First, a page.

In the world of investors, billionaire Warren Buffett – the “Sage” of Omaha – has valuable investing tips.
Since his first investment in 1965, Warren Buffett has accumulated more than $50 billion just from investment. It can be concluded that up to now, no stock investor has surpassed him in terms of profitability. Currently Buffett is in the top 10 of Forbes’ real-time billionaire list, netting $100.3B.
When the 91-year-old billionaire started his career, value investing was still a new concept. However, thanks to this long-term investment method, Buffett has become one of world’s legendary investors. He revealed his methods of stock investment in an interview.
Accordingly, value investors will look for stocks whose market price is lower than true value. There is no specific formula to evaluate; instead, investors will study the basic elements of the business, finding out its hidden potential.
Warren Buffett pushes this investment rule even higher, when he tracks the profitability of that company’s business. When investing in a certain stock, he doesn’t care how the market works, but how much money the business will make. Here are 6 questions the Berkshire Hathaway CEO uses to value and select stocks:
How does the company perform?
According to Buffett, investors should look at Return on Equity (ROE) to evaluate this. This metric is the return that shareholders can get from an investment, showing how much return one can expect. Buffett always looks at ROE to assess whether this business is stable and efficient. ROE is calculated as follows:
ROE = Net Income / Shareholder’s Equity
Investors should always look at ROE from the past 5 to 10 years to analyze historical performance, instead of looking only at last year’s ROE.
Can the company get out of debt?
The Debt-to-Equity ratio (D/E) is an important factor that Buffett often scrutinizes. Value investors will look to buy shares from businesses with low debt, which means that the profits will come from shareholders’ equity, instead of borrowed capital. The D/E is calculated as follows:
D/E = Total Liabilities / Shareholder’s Equity
This ratio illustrates the proportion of equity and debt the company uses to finance its assets. The greater the ratio, the larger the debt rather than equity is financing the company, and vice versa. A high D/E ratio may lead to volatile earnings and large interest expenses.
High or low profit margin?
The profitability of a business can be assessed based on the profit margin. In addition, investors should find out if this profit margin has a steady increase or not. In order to be sure, profit margins should be examined for the last 5 years. If the profit margin is high, it means that this business is doing well, and the current leader has stable management ability. Additionally, increasing margins mean management has been extremely efficient and successful at controlling expenses.
How long has the company been public?
Billionaire Warren Buffett rarely cares about new companies having initial pubic offerings (IPOs). Instead, he focuses on businesses that have been publicly offering shares for at least 10 years. That’s because value investors are only interested in businesses that have stood the test of time and are undervalued by the market. Buffett revealed that he didn’t comprehend the operation behind many of today’s tech companies and he only invested in businesses that he truly acknowledged.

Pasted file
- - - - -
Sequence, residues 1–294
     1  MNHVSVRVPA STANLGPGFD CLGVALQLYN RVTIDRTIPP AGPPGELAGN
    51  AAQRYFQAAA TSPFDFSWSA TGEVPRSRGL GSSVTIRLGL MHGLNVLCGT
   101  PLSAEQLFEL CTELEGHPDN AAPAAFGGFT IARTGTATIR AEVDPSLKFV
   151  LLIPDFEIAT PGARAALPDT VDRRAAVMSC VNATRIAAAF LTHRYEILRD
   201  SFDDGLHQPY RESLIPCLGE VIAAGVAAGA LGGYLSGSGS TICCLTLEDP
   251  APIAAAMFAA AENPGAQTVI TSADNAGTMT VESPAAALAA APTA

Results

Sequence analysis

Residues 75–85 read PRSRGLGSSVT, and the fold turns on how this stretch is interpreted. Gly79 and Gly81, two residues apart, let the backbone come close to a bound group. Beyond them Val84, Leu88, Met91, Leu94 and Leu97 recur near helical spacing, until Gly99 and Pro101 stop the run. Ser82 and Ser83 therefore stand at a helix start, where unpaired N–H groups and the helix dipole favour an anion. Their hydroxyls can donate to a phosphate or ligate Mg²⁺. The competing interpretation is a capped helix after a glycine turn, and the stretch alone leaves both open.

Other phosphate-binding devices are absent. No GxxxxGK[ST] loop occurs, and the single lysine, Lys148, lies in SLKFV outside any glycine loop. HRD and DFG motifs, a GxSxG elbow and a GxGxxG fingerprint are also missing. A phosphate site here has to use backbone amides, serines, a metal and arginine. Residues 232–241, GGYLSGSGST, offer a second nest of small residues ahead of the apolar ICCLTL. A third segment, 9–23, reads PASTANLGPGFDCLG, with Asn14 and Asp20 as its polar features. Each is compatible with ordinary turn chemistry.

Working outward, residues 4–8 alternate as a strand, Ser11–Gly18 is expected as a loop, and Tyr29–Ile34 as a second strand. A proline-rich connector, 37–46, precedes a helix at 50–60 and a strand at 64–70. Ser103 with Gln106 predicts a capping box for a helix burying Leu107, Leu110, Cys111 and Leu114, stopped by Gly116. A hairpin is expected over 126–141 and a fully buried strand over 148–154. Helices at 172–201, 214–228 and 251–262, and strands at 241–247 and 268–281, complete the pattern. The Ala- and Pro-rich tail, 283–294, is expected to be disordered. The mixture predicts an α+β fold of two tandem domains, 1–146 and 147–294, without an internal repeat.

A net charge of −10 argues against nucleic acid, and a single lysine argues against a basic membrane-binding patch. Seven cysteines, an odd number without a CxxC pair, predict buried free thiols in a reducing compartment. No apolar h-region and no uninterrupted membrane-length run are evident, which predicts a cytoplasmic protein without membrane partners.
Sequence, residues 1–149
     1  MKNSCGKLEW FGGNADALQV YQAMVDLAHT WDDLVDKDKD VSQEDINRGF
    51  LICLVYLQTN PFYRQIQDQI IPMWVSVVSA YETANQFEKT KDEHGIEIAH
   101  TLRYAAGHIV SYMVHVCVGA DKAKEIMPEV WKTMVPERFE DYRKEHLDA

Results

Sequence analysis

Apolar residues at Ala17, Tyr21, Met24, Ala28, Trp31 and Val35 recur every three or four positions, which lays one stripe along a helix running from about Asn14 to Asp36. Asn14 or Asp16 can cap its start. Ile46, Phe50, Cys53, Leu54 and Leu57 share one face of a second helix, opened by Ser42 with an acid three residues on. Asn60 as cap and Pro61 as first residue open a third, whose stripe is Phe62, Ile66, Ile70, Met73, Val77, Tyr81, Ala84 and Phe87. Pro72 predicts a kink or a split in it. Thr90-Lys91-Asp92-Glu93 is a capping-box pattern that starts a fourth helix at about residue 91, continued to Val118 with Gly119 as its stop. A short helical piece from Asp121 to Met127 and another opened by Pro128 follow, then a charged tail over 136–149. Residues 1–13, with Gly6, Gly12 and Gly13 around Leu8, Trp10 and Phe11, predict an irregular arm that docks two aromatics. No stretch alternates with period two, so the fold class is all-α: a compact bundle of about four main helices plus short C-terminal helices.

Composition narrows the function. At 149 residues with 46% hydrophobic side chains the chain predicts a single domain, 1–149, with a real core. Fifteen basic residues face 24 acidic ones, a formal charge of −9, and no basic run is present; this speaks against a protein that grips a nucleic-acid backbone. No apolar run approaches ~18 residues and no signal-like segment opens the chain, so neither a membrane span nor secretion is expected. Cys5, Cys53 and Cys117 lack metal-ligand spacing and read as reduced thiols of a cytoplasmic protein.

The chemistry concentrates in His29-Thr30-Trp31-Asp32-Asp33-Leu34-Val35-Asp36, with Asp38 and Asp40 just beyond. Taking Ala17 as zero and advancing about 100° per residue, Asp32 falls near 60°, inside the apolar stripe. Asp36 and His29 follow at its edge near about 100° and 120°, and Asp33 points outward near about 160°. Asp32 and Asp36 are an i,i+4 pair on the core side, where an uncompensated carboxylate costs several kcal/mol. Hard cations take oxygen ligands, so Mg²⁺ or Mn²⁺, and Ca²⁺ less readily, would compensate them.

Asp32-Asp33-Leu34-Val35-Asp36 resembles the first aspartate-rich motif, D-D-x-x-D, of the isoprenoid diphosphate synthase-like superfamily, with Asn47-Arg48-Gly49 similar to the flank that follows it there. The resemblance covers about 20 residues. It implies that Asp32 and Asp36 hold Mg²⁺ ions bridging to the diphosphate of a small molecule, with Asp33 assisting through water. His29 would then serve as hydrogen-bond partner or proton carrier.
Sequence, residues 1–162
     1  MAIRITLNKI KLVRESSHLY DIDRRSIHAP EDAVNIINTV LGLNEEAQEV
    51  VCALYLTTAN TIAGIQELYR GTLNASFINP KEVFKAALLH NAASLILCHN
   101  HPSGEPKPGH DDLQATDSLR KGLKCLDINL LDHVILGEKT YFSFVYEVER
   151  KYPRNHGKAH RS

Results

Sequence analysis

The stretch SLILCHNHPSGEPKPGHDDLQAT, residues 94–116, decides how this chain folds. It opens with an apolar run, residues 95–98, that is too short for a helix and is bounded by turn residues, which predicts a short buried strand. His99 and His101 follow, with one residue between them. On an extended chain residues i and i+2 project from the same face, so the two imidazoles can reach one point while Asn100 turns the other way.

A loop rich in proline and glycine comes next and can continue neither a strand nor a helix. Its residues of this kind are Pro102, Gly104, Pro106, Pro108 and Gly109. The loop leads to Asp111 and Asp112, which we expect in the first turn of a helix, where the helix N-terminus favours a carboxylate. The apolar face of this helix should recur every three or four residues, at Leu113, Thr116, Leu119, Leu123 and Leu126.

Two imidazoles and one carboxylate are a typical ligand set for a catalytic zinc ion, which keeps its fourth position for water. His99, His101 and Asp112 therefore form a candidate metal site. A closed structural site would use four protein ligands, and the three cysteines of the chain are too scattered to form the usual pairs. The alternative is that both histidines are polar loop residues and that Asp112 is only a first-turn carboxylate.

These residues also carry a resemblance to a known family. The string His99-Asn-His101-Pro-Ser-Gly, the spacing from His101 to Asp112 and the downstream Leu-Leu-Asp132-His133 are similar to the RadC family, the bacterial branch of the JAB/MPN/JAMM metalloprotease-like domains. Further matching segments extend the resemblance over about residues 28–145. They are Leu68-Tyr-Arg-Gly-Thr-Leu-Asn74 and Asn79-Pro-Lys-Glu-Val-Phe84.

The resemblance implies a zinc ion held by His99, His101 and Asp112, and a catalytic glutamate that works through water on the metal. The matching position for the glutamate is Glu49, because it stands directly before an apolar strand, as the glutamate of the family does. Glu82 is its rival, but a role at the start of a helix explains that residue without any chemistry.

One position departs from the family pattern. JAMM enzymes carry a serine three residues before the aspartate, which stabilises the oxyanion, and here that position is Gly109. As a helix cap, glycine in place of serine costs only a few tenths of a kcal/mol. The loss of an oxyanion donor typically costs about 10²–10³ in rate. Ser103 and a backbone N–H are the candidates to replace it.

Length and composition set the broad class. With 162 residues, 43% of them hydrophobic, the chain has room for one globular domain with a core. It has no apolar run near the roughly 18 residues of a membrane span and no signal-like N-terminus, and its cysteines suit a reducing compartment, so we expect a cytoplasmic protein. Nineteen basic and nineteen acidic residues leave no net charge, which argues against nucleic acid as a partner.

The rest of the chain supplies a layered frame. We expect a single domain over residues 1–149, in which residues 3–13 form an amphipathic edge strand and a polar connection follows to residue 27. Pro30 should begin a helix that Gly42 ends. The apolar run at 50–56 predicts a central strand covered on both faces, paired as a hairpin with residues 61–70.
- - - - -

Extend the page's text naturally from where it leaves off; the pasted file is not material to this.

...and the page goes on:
A company’s historical performance should never be underestimated, as this performance reflects the company’s capacity of increasing shareholder value. Although, a stock’s past performance does not guarantee its future one. Here is where value investors show their ability to determine how well the enterprise can work compared to its past performance, which is, of course, very tricky.
Investors can also rely on regular financial statements on the Securities and Exchange Commission (SEC) to analyze the data related to company’s performance from the past to the current. From there one can make important investment decisions.
Does the company’s products depend on any other goods?
The 91-year-old billionaire often avoids investing in companies whose products are not outstanding compared to competitors in the same industry, or are too dependent on input materials such as oil or gas. According to him, if a business is no different from a rival company, it is very unlikely to be profitable.
Any characteristics that is difficult to mimic, copy or reforge is what Buffett addresses as an enterprise’s economic competitive advantage, or moat. The wider the moat, the tougher it is for a competitor to gain market share.
Is the stock value about 25% less than its true value?
After five questions, investors still need to answer this last one. Spotting stocks that are undervalued is the most important skill.
To do that, investors need to analyze fundamental data such as profitability, revenue and assets as well as liquidation value. Liquidation value does not include tangibles such as the value of the brand of the business.
Once the calculation is done, Buffett compares it to the current capitalization of the business. Specifically, if his calculated value is at least 25% higher than the market capitalization, he will invest in this business.
In short, Buffett’s way of selecting stocks is like how a bargain hunter goes shopping. The strategy is somewhat practical and down-to-earth. The billionaire maintains this style in other facets of his life: from the moderate house he resides in to the small amount of cars he owns to his modest breakfast.